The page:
Earlier this week we talked about the resurgence of Hawaii's honey bee population.
Coincidentally, students at Mililani Middle School are learning about bees..and how to protect them.
They've got their own bee hives. Before we get to see the bees we have to put on bulky bee keeping suits. The next thing to do is spray these man-made hives with smoke.
Middle schooler Matthieu Kalua, "You want to smoke them so they think fire. So they don't start swarming and attacking us."
Instead, they run for and EAT their honey which also slows them down.
The goal for these 11-14-year-olds today is just to inspect the hives.
We asked Kira Prescott what she saw. She says, "Well there's lots of capped honey as you can see right here.
Capped Honey? What do you mean?
So this honey is ready to be harvested. It's ready to be eaten. We see lots of brood cells. Brood cells right? Right. They're the bumpy ones. And these are where the babies are right? Larvae? Yes. This is where the larvae is."
Kira Tobita notices something else.
"They're vibrating to tell each other messages like our hive is on fire and then collect as much honey," she says. "Then over here that's bad. It's a tick."
The students pull out these smaller sections of the hive...or frames... one at a time...making note of everything.
Tobita says invasive insects are a big problem.
"Yeah 'cause it, there's this one where it eats the eggs and it deforms their wings and everything else and they slowly die."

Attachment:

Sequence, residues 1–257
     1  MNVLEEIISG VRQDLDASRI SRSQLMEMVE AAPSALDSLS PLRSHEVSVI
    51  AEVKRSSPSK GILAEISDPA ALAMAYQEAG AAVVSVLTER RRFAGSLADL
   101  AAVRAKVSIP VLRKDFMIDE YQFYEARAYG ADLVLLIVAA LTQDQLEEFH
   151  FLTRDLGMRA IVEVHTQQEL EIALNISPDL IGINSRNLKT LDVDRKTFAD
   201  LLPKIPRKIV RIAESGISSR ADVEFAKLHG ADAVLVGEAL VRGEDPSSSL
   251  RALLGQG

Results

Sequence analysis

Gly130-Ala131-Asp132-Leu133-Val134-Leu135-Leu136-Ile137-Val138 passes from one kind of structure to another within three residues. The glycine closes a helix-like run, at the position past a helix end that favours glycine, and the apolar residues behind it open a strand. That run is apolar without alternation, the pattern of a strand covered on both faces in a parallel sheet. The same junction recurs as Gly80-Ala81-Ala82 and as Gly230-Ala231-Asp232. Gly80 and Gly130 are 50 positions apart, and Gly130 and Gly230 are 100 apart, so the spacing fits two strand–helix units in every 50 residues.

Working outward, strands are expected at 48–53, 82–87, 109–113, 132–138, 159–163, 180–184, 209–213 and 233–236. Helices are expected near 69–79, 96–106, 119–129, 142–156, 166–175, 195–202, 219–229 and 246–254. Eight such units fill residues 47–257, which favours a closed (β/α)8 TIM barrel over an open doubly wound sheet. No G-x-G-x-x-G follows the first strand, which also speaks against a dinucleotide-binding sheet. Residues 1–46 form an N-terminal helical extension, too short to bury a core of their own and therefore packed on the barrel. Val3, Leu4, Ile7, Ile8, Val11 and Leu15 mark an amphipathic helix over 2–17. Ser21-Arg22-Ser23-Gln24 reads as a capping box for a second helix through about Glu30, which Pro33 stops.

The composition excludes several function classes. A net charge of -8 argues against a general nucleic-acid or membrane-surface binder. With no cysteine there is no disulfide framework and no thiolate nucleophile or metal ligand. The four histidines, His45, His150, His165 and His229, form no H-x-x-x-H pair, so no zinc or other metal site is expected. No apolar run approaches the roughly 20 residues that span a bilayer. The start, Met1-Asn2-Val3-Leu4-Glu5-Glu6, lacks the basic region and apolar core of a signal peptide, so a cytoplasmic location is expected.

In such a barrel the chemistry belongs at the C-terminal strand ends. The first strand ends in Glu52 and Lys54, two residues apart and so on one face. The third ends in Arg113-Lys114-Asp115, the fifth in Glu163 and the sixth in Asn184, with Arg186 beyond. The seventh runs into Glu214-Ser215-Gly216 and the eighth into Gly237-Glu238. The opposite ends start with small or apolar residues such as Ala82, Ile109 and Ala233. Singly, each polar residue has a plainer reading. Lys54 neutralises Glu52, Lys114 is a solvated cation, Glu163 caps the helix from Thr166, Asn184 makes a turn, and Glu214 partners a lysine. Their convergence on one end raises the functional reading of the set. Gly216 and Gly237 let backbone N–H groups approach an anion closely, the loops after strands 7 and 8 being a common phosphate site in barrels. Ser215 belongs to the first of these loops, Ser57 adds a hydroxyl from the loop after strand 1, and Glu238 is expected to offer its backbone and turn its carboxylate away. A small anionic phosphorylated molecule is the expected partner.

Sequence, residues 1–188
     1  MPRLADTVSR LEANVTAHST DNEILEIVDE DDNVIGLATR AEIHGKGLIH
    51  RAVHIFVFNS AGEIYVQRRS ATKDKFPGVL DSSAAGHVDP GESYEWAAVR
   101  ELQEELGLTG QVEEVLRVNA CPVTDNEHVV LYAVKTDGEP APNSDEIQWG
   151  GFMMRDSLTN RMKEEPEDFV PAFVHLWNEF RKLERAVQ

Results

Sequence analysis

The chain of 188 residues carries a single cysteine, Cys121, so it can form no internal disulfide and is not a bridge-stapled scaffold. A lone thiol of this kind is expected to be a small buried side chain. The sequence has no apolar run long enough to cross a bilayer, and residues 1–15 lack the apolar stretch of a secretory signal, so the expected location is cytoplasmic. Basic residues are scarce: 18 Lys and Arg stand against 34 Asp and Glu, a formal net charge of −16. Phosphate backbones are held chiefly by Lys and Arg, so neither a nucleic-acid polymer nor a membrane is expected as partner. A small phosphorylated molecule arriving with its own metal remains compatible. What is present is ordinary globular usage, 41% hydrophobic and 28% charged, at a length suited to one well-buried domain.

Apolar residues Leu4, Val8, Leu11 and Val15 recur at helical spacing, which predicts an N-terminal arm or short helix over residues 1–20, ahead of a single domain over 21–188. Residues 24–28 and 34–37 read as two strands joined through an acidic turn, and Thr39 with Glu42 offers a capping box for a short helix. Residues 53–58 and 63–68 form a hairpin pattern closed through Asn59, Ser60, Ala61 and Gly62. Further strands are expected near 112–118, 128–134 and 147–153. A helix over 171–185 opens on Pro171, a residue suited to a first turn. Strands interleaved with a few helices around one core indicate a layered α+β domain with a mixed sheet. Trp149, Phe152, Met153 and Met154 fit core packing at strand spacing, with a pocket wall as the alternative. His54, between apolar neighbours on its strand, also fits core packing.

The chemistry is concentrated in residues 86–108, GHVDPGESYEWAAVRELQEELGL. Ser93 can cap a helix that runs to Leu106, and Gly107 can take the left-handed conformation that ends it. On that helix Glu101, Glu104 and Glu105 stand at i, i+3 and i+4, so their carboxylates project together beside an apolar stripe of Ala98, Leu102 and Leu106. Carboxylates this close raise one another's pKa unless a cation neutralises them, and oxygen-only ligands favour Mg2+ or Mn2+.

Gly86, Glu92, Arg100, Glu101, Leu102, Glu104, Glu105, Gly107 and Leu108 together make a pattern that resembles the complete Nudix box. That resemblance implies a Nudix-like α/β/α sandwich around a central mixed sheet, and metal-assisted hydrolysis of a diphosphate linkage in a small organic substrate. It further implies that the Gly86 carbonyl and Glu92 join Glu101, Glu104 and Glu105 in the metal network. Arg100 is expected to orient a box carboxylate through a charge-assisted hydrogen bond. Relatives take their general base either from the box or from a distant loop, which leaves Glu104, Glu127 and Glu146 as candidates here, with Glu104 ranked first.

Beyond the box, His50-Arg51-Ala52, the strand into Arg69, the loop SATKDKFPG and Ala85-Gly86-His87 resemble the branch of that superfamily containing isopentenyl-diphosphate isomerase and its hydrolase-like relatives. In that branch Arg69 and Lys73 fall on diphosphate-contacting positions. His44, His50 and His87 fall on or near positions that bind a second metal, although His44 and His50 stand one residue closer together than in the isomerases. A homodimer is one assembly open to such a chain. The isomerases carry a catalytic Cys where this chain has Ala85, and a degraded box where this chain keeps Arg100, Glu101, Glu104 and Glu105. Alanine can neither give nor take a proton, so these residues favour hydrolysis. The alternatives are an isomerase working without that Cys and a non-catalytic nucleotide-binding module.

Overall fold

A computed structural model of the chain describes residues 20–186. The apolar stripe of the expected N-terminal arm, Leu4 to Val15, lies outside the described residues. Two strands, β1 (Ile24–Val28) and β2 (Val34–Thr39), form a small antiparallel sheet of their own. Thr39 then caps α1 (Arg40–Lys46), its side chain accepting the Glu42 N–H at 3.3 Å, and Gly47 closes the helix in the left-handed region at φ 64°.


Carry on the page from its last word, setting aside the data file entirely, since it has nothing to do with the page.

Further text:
She's talking about Varroa Mites which have devastated bee populations around the world.
They had crept into the students' hives before. But they treated them with a natural substance known as hopguard...and now have healthy hives.
By the way...each hive houses 10-15-thousand bees.
We asked Prescott and her partner Evan whether the buzzing and bees bother them.
"Well, he was scared the first time," Prescott says pointing at Evan.
I was a little scared.
I wasn't really that scared. We have protection. And if you get stung, as long as you're not allergic, it's not that bad."
Even if they are safe...you may be asking...what posesses a middle school student to work with bees?
Penelope Kahiapo says, "I wanted to learn more about them because they polenate our flowers. And we wouldn't be alive right now without them.
Mililani Middle School actually owns 2 of these hives and keeps them at a private residence.
This whole idea came from teacher Marshall Sharpe who's been a beekper since he was 12.
He got a special grant from The Public Schools of Hawaii Foundation and set the whole thing up.
"My ultimate goal is for them to become the next generation of bee keepers," says Sharpe. "Anyone can be a bee keeper. Anyone can have a hive in their back yard. And I hope that even if they decide not to become a bee keeper as an adult that they'll have a better appreciation for bees and their role in agriculture and producing food for us."
And we bee-lieve he's got something special here.
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